Backdoor Roth: Planned vs Unplanned

How to do the backdoor Roth and how to report it on the tax return are popular topics on this blog. Many people are doing the backdoor Roth pre-planned. They know their income is too high for  contributing directly to their Roth IRA. So they do it indirectly through the backdoor. By following the complete how-to, they are able to make it tax-free and really easy to report on their tax return.

Unplanned Backdoor Roth

Many others find themselves doing it unplanned. They contributed to their Roth IRA but only later they found out their income was too high. They found out only when they were doing their taxes the next year. The tax software or their tax preparer told them they weren’t eligible to contribute to their Roth IRA.

Then they learned that they could recharacterize it to traditional — or if they haven’t yet contributed, just contribute to traditional for the previous year — and then convert it. So they did. This made it an unplanned backdoor Roth.

As with many things in life, it’s much better to be proactive and do it planned as opposed to being reactive and doing it unplanned. There are some pitfalls in doing the backdoor Roth unplanned.

Pro Rata Rule

First there is that pro-rata rule. If you have other traditional, SEP, or SIMPLE IRAs, sometimes coming from a rollover from a previous 401k or 403b, the unplanned backdoor Roth will make you pay taxes at today’s high tax rate as if you converted some pre-tax money unless you “hide” those pre-tax IRAs.

The customer service rep at your IRA provider doesn’t know whether you have other IRAs. You could contribute or recharacterize to traditional and then convert, but it doesn’t necessarily mean you will owe zero taxes from doing so. That’s a big reason for not taking tax advice from customer service reps.

Tax Return Confusion

Then there is confusion from contributing *for* one year and converting *in* a different year.

When you are proactive, you can contribute for the current year and convert in the same year. It will make it clean and easy to report on your tax return.

When you are reactive, by the time you realize your income is too high, chances are it’s already after December 31. You end up converting in the following year. Even when the conversion is tax free because you don’t have other IRAs, you still have to deal with splitting the tax reporting in two different years. Almost all the questions and confusion on how to report backdoor Roth come from this camp.

What should you do if you did an unplanned backdoor Roth?

Hide Pre-Tax IRAs

It would’ve been better to “hide” your other IRAs before you converted, but since you already converted, now it’s time to catch up on moving those pre-tax IRAs out of the way. If you leave the pre-tax IRAs alone to the end of the year in which you converted, you will trigger the pro-rata rule. So don’t wait.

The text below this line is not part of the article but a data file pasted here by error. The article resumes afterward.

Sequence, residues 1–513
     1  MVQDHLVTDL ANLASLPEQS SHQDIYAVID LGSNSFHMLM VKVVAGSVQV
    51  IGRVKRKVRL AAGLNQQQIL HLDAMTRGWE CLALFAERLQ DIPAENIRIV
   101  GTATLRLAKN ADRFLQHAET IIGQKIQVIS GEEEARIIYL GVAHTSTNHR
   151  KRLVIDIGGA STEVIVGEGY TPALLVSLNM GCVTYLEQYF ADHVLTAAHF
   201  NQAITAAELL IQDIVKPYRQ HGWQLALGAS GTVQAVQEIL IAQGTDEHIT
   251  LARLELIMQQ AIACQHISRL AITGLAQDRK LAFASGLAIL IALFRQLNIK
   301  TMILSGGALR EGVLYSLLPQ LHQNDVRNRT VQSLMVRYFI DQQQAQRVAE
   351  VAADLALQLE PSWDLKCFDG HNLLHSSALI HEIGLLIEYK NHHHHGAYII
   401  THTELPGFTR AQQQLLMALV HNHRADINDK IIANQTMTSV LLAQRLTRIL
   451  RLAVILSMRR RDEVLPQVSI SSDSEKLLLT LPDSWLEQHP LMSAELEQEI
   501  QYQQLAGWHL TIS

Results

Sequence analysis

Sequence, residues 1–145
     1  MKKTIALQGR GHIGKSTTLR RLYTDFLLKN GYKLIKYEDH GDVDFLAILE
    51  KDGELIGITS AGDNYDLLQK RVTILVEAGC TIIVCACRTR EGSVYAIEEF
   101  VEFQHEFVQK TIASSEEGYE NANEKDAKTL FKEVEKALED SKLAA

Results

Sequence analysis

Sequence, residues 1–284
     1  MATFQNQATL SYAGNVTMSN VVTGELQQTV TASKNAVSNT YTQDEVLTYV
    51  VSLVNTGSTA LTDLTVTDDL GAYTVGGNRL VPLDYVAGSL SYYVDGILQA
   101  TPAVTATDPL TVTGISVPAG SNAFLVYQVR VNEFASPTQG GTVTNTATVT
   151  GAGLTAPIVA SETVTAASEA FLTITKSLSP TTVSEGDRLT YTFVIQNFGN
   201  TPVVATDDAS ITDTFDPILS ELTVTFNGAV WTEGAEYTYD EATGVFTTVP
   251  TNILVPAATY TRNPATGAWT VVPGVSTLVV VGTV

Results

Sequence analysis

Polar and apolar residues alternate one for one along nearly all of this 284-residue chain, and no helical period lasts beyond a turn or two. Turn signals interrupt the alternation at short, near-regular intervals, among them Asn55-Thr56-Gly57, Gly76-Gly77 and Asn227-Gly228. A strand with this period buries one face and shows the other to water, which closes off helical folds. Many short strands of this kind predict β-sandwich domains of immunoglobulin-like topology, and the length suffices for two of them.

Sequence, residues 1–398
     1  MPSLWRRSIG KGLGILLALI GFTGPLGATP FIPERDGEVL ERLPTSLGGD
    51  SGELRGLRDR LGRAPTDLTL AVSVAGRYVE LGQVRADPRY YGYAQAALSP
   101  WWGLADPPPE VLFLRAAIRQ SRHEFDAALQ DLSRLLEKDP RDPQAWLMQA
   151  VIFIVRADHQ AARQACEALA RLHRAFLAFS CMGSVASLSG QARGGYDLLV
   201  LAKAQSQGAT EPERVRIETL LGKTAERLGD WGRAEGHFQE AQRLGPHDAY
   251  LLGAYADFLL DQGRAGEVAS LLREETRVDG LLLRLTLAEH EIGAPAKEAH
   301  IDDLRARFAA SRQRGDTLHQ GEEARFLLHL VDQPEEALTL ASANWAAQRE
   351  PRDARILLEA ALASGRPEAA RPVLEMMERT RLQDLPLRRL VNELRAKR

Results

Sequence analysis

Split Tax Reporting

When you contribute *for* one year and convert *in* a different year, you will have to split the tax reporting to two different years. In the first year you report the contribution. In the second year you report the basis carried over from the first year and your conversion. You will have to remember. The confusion is your penalty for doing it unplanned.

Catch Up

You were already caught by an unplanned backdoor Roth in one year. Don’t let it happen every year. If there is any chance that your income may be too high again, resolve that you will become proactive and do a planned backdoor Roth from this year forward. When in doubt, do the planned backdoor. Don’t wait after the year-end.

After you contribute or recharacterize to traditional for the prior year, also contribute to traditional for the current year. Convert twice or simply convert both together. This way you break out of the cycle of doing it after the fact. It will be smooth next year.

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  1. Steve says

    What if you accidentally contributed to a Roth for 2016 already, and you know that you’re income will be too much, and you want to change it to a backdoor-roth.

    Can you simply recharacterize it into a traditional IRA, and then roll it back over into the Roth?

    It’s all in cash, and there are no other traditional IRA funds. So I believe taxes shouldn’t be complicated by this….?


    • Harry Sit says

      You recharacterize the contribution as a contribution to the traditional IRA and then convert the money into Roth.

  2. Flying says

    In the second year you report the basis carried over from the first year and your conversion.

    Could you provide more details on how to report the basis etc?

  3. George James says

    Hi Harry,

    My wife and I made contributions to Roth IRA (2x$5,500=$11,000) in 2014 for the year of 2014, and we made another 2x$5,500=$11,000 Roth IRA contribution at the beginning of 2015 for the year of 2015. But then, right before we filed our 2014 tax return, we found that our AGI for 2014 was high, so we re-characterized all these Roth contributions (about $22,000) to Traditional IRA, and then converted them to Roth IRA.

    All these happened in 2015, and my question is: Do I need to amend my 2014 tax return? Thanks a lot.


    • Harry Sit says

      If you didn’t file 8606 forms with your 2014 tax return, find the old form on IRS website and file them by themselves now. One copy for each person, just fill out the first few lines, which then flows to line 14.

    • George James says

      For 2014, I did file two 8606 forms (one for me and one for my wife) and reported a traditional IRA contribution of $5,500 for each person, though the re-characterization happened in 2015 (before April 15). So we do not need to amend our 2014 return?

      Problem is, this year we received all 1099-R forms related to these transactions, including the re-characterization of our 2014 Roth contributions. Shouldn’t we report all of them?

      Thank you so much!

    • Harry Sit says

      2014 is fine. Move on to 2015. If you use software, it will prompt you to include a statement explaining what you did. If you are doing it by hand, read the instructions for what you need to include in your statement.

  4. Noel W says

    Hello Harry,
    My wife and I contributed the max to our ROTH accounts in 2015. An unforeseen circumstance in 2015 pushed our combined AGI over the limit for ROTH contributions. We realized this during tax prep in 2016.